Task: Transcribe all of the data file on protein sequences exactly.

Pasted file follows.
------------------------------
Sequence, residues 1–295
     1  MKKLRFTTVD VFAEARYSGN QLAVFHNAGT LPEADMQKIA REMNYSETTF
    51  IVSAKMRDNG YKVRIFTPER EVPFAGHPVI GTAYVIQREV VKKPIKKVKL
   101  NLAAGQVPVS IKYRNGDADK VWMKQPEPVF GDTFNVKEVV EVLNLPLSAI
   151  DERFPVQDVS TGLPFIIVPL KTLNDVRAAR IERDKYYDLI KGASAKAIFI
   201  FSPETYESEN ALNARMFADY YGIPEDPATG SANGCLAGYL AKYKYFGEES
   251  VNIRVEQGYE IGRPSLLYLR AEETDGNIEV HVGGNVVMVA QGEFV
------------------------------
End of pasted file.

Sequence, residues 1–295
     1  MKKLRFTTVD VFAEARYSGN QLAVFHNAGT LPEADMQKIA REMNYSETTF
    51  IVSAKMRDNG YKVRIFTPER EVPFAGHPVI GTAYVIQREV VKKPIKKVKL
   101  NLAAGQVPVS IKYRNGDADK VWMKQPEPVF GDTFNVKEVV EVLNLPLSAI
   151  DERFPVQDVS TGLPFIIVPL KTLNDVRAAR IERDKYYDLI KGASAKAIFI
   201  FSPETYESEN ALNARMFADY YGIPEDPATG SANGCLAGYL AKYKYFGEES
   251  VNIRVEQGYE IGRPSLLYLR AEETDGNIEV HVGGNVVMVA QGEFV